thank you for that very informative post. Here is what I know so far, my contact is very high up in his firm/company, but since his place does not hire law students fresh out of school, he forwarded my resume to his contact at another firm, the firm I received an interview for.  The email came from the recruiting dept at the firm, and the person who forwarded my resume to recruiting is a partner at the firm. I guess this means that my contact knew a partner at this firm, and sent him my resume, and in turn this partner sent my resume to recruiting.  I have no idea who will interview me, and they said they will just get an attorney to interview me once I get there.  I did not apply to this firm directly, I sent my resume/grades to my contact, who relayed it to his contact at this law firm.

With your experiences though, how many attorneys interviewed you for "networking interviews"?  They said in my email it will only be 1 attorney and only for 30 minutes, which seems like a very short interview if they were actually considering giving an offer on that date? 

PS - This is a national/global biglaw firm, and my grades and school pedigree are not very comparable to the pedigree of most of the attorneys working there, which is also a concern for me. 

Matthies

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Re: Prepping for a Non-OCI biglaw interview?
« Reply #8 on: October 08, 2008, 03:11:04 PM »
That's not an interview outside the OCI process (which I've done) through networking or letter-writing; that's an interview outside the summer associate program entirely. A thirty-minute interview can, on rare occasions and almost universally not at true biglaw firms, lead to an offer. But a thirty-minute interview is not a "callback," sorry.

And you know this from your vast experience working at firms in every legal market by networking into law firms several times, or this is just your hunch based on OCI experince?  Mass mail letter writing in not networking nor even close to what we are talking about here, that operates very much like an OCI interview process.   
*In clinical studies, Matthies was well tolerated, but women who are pregnant, nursing or might become pregnant should not take or handle Matthies due to a rare, but serious side effect called him having to make child support payments.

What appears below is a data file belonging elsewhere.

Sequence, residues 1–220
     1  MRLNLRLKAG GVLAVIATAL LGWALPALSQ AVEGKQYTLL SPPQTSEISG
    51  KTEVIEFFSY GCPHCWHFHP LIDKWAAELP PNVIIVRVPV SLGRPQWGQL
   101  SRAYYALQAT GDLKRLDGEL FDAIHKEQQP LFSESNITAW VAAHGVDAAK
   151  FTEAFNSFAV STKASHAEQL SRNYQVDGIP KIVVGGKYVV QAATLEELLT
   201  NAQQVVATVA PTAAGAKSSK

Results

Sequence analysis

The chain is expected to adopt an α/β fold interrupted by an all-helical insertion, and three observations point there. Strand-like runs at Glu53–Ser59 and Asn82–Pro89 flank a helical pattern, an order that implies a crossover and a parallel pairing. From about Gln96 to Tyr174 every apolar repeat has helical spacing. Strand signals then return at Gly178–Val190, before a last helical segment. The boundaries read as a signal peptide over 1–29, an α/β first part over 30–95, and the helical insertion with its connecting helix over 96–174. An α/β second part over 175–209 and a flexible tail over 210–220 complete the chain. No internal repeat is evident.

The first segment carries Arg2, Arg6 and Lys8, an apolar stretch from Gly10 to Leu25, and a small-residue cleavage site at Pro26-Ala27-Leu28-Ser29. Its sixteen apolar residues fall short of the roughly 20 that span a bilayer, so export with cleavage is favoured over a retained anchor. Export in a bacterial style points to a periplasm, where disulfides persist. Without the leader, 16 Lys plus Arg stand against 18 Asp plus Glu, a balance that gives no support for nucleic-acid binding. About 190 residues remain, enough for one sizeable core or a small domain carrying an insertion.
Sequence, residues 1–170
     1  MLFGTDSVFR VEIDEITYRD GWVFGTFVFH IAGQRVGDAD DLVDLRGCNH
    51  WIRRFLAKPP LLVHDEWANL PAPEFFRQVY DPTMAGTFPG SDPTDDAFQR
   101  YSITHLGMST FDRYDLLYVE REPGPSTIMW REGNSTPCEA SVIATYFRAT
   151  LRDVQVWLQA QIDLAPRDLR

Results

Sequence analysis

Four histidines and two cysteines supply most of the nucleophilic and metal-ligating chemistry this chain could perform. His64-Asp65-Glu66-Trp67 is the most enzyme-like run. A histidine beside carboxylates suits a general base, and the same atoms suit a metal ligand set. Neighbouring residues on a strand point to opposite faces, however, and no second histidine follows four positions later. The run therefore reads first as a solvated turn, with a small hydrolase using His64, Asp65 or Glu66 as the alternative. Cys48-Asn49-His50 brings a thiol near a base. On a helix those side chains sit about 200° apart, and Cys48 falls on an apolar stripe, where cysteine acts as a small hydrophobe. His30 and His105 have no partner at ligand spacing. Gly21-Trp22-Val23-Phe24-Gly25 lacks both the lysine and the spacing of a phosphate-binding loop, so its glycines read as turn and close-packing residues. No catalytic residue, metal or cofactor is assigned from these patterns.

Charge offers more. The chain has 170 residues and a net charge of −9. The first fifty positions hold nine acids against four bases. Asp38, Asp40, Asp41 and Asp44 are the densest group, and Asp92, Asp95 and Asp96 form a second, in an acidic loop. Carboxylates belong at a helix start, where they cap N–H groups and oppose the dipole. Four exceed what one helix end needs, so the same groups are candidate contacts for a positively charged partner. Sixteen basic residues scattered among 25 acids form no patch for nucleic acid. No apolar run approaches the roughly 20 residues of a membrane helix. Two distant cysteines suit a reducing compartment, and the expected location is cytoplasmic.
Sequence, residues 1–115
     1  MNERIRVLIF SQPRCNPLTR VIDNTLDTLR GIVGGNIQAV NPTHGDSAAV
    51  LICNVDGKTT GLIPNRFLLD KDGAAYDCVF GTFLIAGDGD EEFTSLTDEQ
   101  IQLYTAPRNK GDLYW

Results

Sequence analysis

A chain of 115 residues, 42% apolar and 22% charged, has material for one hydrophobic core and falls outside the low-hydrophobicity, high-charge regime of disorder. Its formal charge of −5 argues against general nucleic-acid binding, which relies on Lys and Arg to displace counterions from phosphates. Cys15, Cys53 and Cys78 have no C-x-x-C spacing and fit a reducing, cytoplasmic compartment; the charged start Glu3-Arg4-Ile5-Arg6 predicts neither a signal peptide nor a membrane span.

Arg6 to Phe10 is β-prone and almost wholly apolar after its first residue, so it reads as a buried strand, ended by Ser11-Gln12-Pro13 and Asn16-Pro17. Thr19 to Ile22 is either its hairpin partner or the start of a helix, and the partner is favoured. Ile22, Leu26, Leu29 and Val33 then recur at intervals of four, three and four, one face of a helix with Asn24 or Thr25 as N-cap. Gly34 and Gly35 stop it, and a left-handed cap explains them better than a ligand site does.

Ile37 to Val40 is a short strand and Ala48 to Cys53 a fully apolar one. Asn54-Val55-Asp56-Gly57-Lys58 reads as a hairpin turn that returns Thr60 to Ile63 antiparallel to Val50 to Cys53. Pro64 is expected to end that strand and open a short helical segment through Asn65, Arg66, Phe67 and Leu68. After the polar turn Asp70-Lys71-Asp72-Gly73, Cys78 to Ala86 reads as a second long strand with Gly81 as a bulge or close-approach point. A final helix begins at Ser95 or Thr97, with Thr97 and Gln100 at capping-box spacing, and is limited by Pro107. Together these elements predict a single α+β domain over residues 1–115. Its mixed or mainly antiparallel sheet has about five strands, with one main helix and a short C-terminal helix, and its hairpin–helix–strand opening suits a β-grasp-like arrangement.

Matthies

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Re: Prepping for a Non-OCI biglaw interview?
« Reply #9 on: October 08, 2008, 03:18:34 PM »
I disagree with my  esteemed colleagues here and I know Iím breaking the cardinal rule of LSD by responding to a post on something I have actually done rather than just making poo up out of my ass about how I think things work Iíve never tried, but bare with me.

Whether or not itís a screening interview will depend on two things: how far up your contact is in the firms pecking order and if youíre going to be part of the summer class or independent of them. Are you meeting with the person who is your contact or someone directly below them (like their main senior associate?). If its outside the normal OCI class (which in my experience most networking positions are) you will be doing a full on interview and itís the only shot you will get.

 I have networked into big law regional offices and never had a ďscreening interviewĒ and all my interviews ended with an offer on the spot. Its different from the typical OCI process as your often handpicked and recommended by someone at the firm who has the power to say they must hire you and for who you will be working almost exclusively while you are there. If your outside the OCI summer class you wonít be part of their program nor will you be shuffled between departments during the time you spend at the firm, you will work for the partner who brought you in and maybe a few others in that particular department (at least that was my experience). The decision to make you an offer or not after you have finished will also be pretty much made by the person who brought you in, or a few people from that department who worked for you. Your offer, or at least all of mine, will likely come from that partner and be personal, followed up by a written re-iteration by the firms HR afterward.

There is rarely any committee making these decisions.  However, if your contact is just an associate or some friend of a friend then its likely they would put you into the summer class pool and you would not be going this route anyway. Prepare like itís a full on interview, donít go in thinking itís a screening interview.


thank you for that very informative post. Here is what I know so far, my contact is very high up in his firm/company, but since his place does not hire law students fresh out of school, he forwarded my resume to his contact at another firm, the firm I received an interview for.  The email came from the recruiting dept at the firm, and the person who forwarded my resume to recruiting is a partner at the firm. I

Given this scenario its most likely you will be put into the summer pool with the rest of the candidates. You just got the interview outside the OCI process, nothing more, this is not all that uncommon, but very different than being picked by someone at the firm to work at that firm under them. Iím not seeing much advantage here thatís going to set you outside of the normal process, given these additional facts this is likely a screening interview for the summer class nothing more. If you were interviewing with your contact at your cotacts firm it would be a different story. Be sure, no matter what happens, you thank your contact for going out on a limb for you.    
*In clinical studies, Matthies was well tolerated, but women who are pregnant, nursing or might become pregnant should not take or handle Matthies due to a rare, but serious side effect called him having to make child support payments.